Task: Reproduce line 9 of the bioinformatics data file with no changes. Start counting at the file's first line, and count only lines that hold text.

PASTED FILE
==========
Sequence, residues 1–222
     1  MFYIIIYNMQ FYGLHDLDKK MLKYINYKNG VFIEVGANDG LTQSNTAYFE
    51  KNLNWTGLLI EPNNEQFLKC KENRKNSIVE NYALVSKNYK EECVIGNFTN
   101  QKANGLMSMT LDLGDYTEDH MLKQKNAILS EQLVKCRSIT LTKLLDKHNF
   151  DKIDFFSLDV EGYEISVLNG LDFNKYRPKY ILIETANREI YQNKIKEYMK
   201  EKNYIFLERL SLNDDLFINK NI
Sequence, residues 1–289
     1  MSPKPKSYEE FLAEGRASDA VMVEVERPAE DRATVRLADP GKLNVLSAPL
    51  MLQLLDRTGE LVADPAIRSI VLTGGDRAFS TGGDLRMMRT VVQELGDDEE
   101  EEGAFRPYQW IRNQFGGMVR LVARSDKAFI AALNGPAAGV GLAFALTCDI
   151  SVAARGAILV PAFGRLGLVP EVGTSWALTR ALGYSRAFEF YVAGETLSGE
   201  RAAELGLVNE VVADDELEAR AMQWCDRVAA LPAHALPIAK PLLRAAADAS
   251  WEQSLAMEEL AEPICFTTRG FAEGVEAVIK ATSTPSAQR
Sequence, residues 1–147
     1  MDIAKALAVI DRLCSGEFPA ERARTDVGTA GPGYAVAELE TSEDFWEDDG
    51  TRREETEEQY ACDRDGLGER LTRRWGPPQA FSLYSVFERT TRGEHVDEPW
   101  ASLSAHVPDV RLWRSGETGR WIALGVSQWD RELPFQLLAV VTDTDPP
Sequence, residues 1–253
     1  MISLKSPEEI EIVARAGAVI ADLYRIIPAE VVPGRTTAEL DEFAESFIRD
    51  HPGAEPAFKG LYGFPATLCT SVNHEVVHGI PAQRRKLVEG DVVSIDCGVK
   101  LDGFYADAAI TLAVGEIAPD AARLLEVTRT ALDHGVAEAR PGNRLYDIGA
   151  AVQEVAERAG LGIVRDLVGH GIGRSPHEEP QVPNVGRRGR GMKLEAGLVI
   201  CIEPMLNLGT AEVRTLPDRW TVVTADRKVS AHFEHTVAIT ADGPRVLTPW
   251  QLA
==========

    51  MLQLLDRTGE LVADPAIRSI VLTGGDRAFS TGGDLRMMRT VVQELGDDEE